Euro 2020: Southgate effective, not effervescent
Gareth Southgate was on the receiving end of brickbats on social media when the England line-up for the round-of-16 clash against Germany was announced an hour before the game on Tuesday. There was no place for Jack Grealish, Jadon Sancho or Phil Foden in the starting XI.
With two holding midfielders in front of a three-man central defence, Southgate appeared to have gone for an ultra-conservative set-up against Joachim Loew’s men. With two full backs playing behind the young and inexperienced Bukayo Saka and Manchester City’s Raheem Sterling, who had been struggling for form before the European Championship, the England manager’s choices drew many raised eyebrows.
Because it meant eight defensive players in the line-up including goalkeeper Jordan Pickford. Saka, who has often been employed as a wing-back by Mikel Arteta at Arsenal, too could be considered as a name that was added to the line-up keeping its defensive health in mind.
English fans looking for an entertaining game and being irked by Southgate’s selections wasn’t new. England have some incredible attacking talent in the squad but in none of the four games has flair been their strongest suit. Four goals scored and zero conceded rightly sums up England’s style of football: drab but effective.
“If he is not good enough for England, we would like to give him a German passport,” German great Lothar Matthaeus joked about Sancho’s omission from the starting line-up in a recent interview to Goal. “It has surprised many in Germany,” he said.
But while Southgate’s reluctance in employing some of his best attacking players is indeed surprising, he is avoiding one key mistake at least one of his predecessors made at major tournaments --- Euro 2004 and the 2006 World Cup.
England went to both with an embarrassment of riches in terms of individual quality. However, there were a few things manager Sven-Goran Eriksson perhaps would have done differently in hindsight.
Most notably, his insistence on using the midfield trio of Paul Scholes, Steven Gerrard and Frank Lampard in 2004 may not have been the best of choices – it meant playing Scholes out of position and robbed England the chance of employing a conventional winger on the left.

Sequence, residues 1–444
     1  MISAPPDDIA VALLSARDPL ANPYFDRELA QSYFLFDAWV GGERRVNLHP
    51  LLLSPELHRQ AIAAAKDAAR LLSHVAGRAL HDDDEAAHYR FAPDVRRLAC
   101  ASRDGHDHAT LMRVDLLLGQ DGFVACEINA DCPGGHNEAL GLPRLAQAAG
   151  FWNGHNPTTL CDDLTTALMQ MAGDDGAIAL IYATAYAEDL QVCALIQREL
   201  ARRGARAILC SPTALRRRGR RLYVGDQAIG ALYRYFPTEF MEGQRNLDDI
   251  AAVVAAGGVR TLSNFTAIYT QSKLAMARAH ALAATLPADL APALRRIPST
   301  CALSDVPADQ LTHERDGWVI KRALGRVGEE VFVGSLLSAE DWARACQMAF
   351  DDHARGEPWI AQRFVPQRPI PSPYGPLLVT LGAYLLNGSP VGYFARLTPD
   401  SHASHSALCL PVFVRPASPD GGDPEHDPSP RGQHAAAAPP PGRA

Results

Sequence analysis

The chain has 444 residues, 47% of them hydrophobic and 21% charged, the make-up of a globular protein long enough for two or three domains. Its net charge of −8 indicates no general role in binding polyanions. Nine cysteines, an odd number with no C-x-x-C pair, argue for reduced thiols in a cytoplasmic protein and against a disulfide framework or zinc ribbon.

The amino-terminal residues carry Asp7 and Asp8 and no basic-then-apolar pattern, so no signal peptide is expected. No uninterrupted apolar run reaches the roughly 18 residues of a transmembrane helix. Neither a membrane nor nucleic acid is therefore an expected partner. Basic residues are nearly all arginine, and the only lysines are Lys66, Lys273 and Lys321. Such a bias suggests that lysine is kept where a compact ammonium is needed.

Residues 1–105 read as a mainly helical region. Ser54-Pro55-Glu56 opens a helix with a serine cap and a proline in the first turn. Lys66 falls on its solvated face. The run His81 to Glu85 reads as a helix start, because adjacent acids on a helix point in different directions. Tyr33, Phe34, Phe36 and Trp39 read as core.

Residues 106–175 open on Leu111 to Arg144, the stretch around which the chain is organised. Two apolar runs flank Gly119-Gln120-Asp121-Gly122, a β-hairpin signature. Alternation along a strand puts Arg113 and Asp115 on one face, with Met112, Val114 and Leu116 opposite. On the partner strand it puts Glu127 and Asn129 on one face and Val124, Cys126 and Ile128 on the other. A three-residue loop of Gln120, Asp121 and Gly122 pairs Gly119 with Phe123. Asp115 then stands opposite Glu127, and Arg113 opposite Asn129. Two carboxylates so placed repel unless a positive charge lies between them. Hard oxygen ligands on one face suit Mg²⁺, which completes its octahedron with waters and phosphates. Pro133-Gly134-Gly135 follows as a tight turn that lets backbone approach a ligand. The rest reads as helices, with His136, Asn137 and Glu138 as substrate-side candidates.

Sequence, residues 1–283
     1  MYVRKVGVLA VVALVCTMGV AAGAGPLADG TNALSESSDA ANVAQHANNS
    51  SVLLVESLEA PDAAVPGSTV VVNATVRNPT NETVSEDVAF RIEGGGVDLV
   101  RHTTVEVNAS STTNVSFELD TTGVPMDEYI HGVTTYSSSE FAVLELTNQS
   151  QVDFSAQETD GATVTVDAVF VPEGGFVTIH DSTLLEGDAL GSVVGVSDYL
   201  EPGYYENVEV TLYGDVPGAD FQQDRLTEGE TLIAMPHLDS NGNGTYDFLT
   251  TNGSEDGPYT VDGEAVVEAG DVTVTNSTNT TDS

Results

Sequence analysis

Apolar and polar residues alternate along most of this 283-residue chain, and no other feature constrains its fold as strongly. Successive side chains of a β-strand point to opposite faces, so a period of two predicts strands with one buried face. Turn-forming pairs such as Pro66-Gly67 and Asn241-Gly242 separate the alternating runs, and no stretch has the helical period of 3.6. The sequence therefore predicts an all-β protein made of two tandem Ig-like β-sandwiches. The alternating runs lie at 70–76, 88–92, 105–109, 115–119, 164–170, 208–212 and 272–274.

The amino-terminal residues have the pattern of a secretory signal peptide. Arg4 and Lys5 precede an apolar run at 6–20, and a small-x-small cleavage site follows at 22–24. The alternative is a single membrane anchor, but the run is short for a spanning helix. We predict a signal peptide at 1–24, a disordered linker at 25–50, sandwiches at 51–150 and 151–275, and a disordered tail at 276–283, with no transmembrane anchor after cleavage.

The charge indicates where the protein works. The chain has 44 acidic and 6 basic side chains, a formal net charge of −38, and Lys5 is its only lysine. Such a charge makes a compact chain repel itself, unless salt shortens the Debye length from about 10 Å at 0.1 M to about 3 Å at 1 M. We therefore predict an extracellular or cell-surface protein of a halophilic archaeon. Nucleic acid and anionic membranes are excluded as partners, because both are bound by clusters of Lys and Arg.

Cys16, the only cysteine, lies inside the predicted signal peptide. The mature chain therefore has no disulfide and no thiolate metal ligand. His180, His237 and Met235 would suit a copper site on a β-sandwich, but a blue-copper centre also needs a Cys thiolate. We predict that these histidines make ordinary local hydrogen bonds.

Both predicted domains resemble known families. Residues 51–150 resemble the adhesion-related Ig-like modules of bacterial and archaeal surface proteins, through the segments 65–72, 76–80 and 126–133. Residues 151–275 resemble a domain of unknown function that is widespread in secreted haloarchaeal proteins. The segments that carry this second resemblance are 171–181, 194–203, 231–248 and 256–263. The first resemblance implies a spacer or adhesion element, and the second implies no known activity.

Then in 2006, the decision to have a recovering Wayne Rooney to lead England’s attack after the opening two group games didn’t quite work out. Rooney looked far from his best through the tournament.
This summer, Southgate has sought an effective team instead of impulsively picking the best individual players available. That the likes of Grealish and Sancho don’t make it to the starting line-ups, or that Mason Mount isn’t rushed back for the game against Germany immediately after completing quarantine, doesn’t mean they aren’t considered good enough by the England manager.
It just means that they are not necessarily the best picks for the kind of set-up Southgate wants to use. The fact that the duo of Kalvin Phillips and Declan Rice has remained constant in midfield displays Southgate’s desire in reducing risk and keeping things simple in a way that provides the best possible defensive cover for his backline. It also highlights his courage to go against the popular demand of having all of the squad’s best players in the starting line-up.
Following the 2-0 win over Germany in the last 16, Southgate stood vindicated. “You know you change the shape, you pick certain personnel in place of others and if it goes wrong you’re dead,” Southgate told BBC One after the game.
“We had to go about it in the way we believed. We wanted aggressive pressure all over the field and we felt that to match them up was the right way of doing that,” he said of his team composition against Germany that included an additional centre-back than in previous games.
World champions France’s late capitulation against Switzerland showed that even the greatest of teams, one brimming with attacking talent, can collapse within moments in knockout games.
With Ukraine up next, then Denmark or Czech Republic in the semi-final if they win on Saturday, England face a relatively easy route to the final on paper.
However, if they are to win this tournament, England may have to chase games at some point. How Southgate reacts to going behind and how the team adapts tactically will reveal a lot about whether England have it in them to finally win their maiden European Championship.